As with many Octobers here, we’ve already seen snow. Twice. In between those snows, we’ve hit 80 degrees.
Such is the weather in Colorado.
But when I think of first snows, I tend to think of the snow that ushers in winter—that first snow that comes along sometime in mid to late November when the trees are bare and the grass is brown. (Okay, yes, I realize winter doesn’t officially start until December 21, but to me, winter starts in November.)
And when I think of that first winter snow, I’m transported back in time, back to the excitement I felt as a little kid, sitting next to the big picture window in our living room, watching the flakes tumble in slow motion to the ground. It always made me want to listen to this song…
That first snow—and that song—also always made me eager for an adventure, so my older brother and I would don winter jackets, not-so-waterproof mittens, and itchy wool hats. We’d pull on our Moon Boots and make our way out the door to our backyard tundra. We made first tracks, created snow angels, wrestled around, and put slush down the other’s back. And in those years when the snow was heavy and actually accumulated, we engaged in fierce snowball fights and built snowmen.
We would stay outside in the cold and wind (that frigid Wyoming wind) all day, as would all the other neighborhood kids, only taking a break for a quick lunch of Campbell’s Chicken Noodle Soup or Spaghetti-O’s. Then back out until coats and mittens and hats and feet were soaked and frozen (oh, those days before Gore-Tex became popular), and it was time for hot chocolate with marshmallows.
Lots and lots and lots of marshmallows.
* * *
Fast forward about 15 years to the first time I heard this poem:
Oh, the snow, the beautiful snow,
Filling the sky and earth below,
Over the housetops, over the street,
Over the heads of people you meet;
Dancing — Flirting — Skimming along
Beautiful snow! It can do no wrong;
Oh! the snow, the beautiful snow,
How the flakes gather and laugh as they go
Whirling about in maddening fun;
Chasing — Laughing — Hurrying by,
It lights on the face and it sparkles the eye;
And the dogs with a bark and a bound
Snap at the crystals as they eddy around;
The town is alive, and its heart is aglow,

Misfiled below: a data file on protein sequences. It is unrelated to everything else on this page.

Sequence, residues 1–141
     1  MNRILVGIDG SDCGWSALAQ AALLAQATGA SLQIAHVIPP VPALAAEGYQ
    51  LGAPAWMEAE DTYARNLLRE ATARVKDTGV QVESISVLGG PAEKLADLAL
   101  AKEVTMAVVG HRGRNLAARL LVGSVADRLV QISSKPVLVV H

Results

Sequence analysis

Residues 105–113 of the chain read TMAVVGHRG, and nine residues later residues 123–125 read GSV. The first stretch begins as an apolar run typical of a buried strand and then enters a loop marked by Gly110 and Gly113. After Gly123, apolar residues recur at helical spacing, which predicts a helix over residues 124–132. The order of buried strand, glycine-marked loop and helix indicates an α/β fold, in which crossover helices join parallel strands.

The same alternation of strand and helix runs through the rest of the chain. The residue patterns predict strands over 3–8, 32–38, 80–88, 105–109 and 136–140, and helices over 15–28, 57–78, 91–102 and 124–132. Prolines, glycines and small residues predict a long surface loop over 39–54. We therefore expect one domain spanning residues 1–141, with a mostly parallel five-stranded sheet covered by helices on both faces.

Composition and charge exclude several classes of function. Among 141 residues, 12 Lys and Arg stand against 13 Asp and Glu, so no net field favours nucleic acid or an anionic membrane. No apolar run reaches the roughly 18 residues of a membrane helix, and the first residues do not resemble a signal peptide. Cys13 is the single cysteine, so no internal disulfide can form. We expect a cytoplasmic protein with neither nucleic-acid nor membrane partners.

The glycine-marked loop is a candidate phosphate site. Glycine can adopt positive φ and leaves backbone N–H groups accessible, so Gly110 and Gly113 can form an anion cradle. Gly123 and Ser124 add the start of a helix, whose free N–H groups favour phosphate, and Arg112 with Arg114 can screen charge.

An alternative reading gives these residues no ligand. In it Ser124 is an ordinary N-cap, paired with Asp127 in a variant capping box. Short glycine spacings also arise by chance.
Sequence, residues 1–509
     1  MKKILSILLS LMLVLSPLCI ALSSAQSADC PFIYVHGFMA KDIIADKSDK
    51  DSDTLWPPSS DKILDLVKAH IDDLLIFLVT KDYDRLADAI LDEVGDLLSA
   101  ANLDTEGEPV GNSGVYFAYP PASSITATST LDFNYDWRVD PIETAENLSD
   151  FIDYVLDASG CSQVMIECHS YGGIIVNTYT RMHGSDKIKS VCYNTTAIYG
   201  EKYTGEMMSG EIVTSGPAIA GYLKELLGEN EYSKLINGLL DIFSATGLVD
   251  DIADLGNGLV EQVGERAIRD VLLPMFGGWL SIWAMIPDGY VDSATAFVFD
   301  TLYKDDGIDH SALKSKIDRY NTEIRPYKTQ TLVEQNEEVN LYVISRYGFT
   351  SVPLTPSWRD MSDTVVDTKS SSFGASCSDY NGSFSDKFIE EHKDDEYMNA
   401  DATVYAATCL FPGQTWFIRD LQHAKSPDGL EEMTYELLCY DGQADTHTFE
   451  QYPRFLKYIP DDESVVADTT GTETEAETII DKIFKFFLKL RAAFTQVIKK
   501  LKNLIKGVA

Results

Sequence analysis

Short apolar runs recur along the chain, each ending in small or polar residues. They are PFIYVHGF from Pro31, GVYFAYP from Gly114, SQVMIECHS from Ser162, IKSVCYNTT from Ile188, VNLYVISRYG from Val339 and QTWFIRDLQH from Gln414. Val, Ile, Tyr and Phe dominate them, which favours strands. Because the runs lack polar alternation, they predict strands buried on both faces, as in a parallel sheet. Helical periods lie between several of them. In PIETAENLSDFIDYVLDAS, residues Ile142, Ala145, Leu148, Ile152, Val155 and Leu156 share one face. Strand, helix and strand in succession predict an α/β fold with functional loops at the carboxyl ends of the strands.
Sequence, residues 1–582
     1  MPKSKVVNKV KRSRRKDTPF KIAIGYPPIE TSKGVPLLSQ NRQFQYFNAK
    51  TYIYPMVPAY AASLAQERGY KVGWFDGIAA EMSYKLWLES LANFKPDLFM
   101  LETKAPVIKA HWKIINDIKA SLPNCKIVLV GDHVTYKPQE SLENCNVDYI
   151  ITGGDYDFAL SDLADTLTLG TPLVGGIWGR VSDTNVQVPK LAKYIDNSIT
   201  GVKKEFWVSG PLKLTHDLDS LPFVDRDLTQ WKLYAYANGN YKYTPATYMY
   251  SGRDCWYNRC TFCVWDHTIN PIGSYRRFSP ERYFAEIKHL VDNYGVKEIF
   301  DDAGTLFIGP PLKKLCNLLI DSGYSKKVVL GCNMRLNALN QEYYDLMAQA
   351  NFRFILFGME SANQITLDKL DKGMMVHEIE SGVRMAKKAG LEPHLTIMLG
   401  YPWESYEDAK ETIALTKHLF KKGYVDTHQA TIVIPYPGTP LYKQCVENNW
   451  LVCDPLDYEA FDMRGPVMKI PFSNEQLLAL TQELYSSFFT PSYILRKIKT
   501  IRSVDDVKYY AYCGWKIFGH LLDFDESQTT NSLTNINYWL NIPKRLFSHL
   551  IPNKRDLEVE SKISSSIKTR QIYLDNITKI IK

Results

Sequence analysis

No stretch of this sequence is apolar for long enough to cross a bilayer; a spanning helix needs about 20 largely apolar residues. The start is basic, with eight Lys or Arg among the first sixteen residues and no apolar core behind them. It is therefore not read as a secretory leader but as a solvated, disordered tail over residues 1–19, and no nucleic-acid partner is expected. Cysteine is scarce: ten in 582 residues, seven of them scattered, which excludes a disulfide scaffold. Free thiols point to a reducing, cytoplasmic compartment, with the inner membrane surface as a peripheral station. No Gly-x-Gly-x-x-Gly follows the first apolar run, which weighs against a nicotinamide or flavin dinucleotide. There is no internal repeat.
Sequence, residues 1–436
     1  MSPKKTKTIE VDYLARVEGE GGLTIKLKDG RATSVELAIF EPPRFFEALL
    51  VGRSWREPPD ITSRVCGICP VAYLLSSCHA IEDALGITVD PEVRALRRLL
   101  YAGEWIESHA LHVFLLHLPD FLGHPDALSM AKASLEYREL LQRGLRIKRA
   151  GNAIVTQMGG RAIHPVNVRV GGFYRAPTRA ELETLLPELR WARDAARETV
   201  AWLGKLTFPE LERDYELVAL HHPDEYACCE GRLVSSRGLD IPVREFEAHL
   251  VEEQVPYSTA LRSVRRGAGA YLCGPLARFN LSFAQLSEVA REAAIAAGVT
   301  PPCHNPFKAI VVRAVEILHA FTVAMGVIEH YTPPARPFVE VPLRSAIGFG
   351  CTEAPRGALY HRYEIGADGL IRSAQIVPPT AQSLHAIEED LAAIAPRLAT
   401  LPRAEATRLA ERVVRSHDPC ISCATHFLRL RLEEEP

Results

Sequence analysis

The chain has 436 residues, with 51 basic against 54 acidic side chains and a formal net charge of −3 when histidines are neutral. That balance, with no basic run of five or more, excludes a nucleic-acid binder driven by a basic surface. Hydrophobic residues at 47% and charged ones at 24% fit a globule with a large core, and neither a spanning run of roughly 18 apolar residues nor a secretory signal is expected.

To welcome the coming of beautiful snow!
I heard it, of course, on the First Snow episode of what I consider to be one of the best shows ever to be on television: Northern Exposure. That show’s philosophical KBHR radio disc jockey, Chris Stevens—played by the ever-cool John Corbett—read that poem at the end of that episode as the Cicely, Alaska villagers gathered to welcome the beautiful snow, and wish each other “bon hiver.”
With the coming of winter’s nostalgia-inducing first snow, I always think about that poem and all the other wonderful characters from Northern Exposure—Fleischman, Maggie, Maurice, Holling, Shelly, Ed, Ruth-Anne, Marilyn—whose adult lives in northern Alaska seemed simple and pure, funny, and loving.
Simple and pure; kind of like how my life was as a kid watching fluffy snowflakes fall, eating Spaghetti-O’s, and wearing Moon Boots.
And that gets me thinking: How can we get back to simple and pure when so many things in our adult lives seem so complicated? So… adulterated? When falling snow no longer means fun and adventure, but rather dangerous icy roads and bitter cold? When all you want to do for the winter is run away to a Mexican beach resort?
My recommendation? Take a moment to remember how you felt when you were young and you saw those first few flakes fall from the low gray winter sky. Then pull on your Moon Boots, and ask your kids to stop playing their video games to come out to play with you.
Build a snowman. Throw a snowball. Catch snowflakes on your tongue. Drink hot chocolate.
Whenever the flakes fall, gather with friends and family to welcome the beautiful snow.
And wish them all bon hiver.
At The Nostalgia Diaries, our goal is to help you simplify, enhance, and engage your lives by focusing on the most important things: remembering, appreciating, believing, and becoming. It’s all about celebrating the past to create better days today.